December 09, 2013
Area(s) of Interest: Advocacy Drug Prescribing/Dispensing Public Health
CMA Capitol Insight is a biweekly column by veteran journalist Greg Lucas, reporting on the inner workings of the state Legislature.
Where the Action Is
The second year of the current two-year legislation session starts on January 6. Lawmakers don’t need to take another oath saying they’ll uphold the constitution like they did at the beginning of the session in December 2012. Everything starts up in January where it ended at midnight September 13 (when the 2013 session came to a close). The December swearing-in day – the first day lawmakers can introduce legislation – is a good opportunity to observe what some of the priorities are in the upcoming session. And because the bills are newly introduced, they must run through policy committees to reach the floors of their respective houses, cross to the other house and go through the same process there. Not in 2014. In the early months – other than some perfunctory hearings on the spending plan Gov. Jerry Brown must propose before January 10, most of the action will occur in the Senate and Assembly Appropriations committees. Both have what are called “suspense files,” where, traditionally, bills that cost more than $150,000 are parked for later consideration once the state’s fiscal condition is better known in May. Suspense can snare bills that offer tax credits or increase spending, or just be a convenient dumping ground for measures legislative leaders don’t want to see pass. During the fall recess, some of the authors of these bills worked with the chairs of the Appropriations committees and their staff to find compromises that remove their bill from suspense and allow it to keep moving. The bills that have been the subject of successful negotiations will begin emerging in January. For example:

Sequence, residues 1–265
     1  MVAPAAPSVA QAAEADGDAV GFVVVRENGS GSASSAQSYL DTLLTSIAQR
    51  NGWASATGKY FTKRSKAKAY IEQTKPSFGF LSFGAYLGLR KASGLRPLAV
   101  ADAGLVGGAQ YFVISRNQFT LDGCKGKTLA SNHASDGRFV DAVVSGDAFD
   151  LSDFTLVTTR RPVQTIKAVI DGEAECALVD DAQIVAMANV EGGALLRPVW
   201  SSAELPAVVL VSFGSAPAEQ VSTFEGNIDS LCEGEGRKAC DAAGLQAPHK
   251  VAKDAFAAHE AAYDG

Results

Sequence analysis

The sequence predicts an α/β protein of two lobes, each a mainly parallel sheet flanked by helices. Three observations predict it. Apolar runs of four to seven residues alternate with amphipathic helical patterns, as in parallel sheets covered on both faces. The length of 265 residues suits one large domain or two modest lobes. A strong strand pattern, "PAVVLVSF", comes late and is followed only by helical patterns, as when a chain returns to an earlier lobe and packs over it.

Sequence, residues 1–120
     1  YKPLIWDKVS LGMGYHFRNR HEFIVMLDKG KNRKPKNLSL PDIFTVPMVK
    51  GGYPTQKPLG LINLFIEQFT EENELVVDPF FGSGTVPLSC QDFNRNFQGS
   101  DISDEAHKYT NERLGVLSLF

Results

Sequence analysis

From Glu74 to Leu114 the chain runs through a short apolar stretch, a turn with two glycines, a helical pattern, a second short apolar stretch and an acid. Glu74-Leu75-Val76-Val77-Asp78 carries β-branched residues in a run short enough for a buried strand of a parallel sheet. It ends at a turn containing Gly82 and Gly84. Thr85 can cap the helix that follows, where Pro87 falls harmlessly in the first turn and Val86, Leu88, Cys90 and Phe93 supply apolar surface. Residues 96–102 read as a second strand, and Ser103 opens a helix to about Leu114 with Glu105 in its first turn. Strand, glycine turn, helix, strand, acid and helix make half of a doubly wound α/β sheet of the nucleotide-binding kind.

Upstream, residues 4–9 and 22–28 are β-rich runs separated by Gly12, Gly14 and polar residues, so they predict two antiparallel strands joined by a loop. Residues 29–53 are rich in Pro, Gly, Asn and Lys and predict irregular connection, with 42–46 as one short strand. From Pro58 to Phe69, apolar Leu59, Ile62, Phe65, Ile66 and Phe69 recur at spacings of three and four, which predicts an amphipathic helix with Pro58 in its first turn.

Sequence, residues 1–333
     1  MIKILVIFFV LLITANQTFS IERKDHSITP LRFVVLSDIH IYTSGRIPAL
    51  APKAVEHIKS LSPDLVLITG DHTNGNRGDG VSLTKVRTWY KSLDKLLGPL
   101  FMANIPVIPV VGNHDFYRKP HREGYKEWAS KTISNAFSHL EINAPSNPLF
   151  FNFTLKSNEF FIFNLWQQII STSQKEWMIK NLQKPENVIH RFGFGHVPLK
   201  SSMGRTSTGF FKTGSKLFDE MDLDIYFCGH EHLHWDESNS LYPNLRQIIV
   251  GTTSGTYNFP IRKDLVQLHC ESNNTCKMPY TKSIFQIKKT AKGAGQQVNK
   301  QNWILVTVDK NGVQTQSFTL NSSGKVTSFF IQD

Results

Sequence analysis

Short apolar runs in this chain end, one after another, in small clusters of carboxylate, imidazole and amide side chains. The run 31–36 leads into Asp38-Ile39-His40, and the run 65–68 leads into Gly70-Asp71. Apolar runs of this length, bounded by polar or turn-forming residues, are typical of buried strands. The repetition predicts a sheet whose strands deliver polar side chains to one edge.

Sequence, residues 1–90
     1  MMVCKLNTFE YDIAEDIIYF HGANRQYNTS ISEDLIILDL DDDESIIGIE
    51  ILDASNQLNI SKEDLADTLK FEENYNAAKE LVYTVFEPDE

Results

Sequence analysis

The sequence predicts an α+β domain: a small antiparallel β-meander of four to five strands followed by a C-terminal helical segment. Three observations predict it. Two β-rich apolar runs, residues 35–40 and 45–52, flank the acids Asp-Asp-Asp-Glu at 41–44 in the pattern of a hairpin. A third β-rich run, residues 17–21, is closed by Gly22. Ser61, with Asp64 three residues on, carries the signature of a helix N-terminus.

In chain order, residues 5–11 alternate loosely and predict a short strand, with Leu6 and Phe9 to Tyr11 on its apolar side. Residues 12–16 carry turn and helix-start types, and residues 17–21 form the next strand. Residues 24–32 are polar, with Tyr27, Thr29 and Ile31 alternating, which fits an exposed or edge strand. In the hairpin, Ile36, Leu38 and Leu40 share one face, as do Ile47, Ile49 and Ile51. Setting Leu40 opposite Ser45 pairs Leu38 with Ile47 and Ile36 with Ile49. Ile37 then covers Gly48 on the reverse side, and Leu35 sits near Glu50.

Legislation that stalled last year on how drones can be used by public agencies appears likely to move out of the Assembly Appropriations Committee. The bill now would make it a bit harder for law enforcement to use an “unmanned aircraft system” without first getting a search warrant, but adds inspection of wilderness areas and monitoring forest fires to the uses that don’t require a warrant. The University of California has already petitioned the federal government to be allowed to use drones at UC Davis and UC Merced. For agricultural purposes, presumably.
Not Rocket Science
A recent study says using telemedicine helps health care providers in rural areas better combat obesity in kids. Wouldn’t it be news if telemedicine didn’t help doctors and clinicians in rural areas? The study examines the success of HEALTH-COP, the Healthy Eating Active Living Telehealth Community of Practice, and was conducted by HEALTH-COP’s creators, who probably wouldn’t be touting the study’s results if their program were anything less than efficacious. HEALTH-COP helps rural clinicians in places like Imperial County to the far south and Humboldt County to the far north. The program offers counseling on nutrition and physical activity to both kids and families. The rural clinics were sent charts, posters, Body Mass Index wheels and the most recent care guidelines from the American Academy of Pediatrics. “As an urban pediatrician, if I can’t figure out a problem, all I have to do is find a colleague in the building and get their impressions,” says Dr. Ulfat Shaikh, a University of California at Davis pediatrician and one of the founders of HEALTH-COP. “By setting up this network, we made it easier for rural clinicians to do the same. Regardless of where they are in California, they all face similar problems. Now they can share solutions.” An idea that might be worth a sliver or two of any future budget surpluses.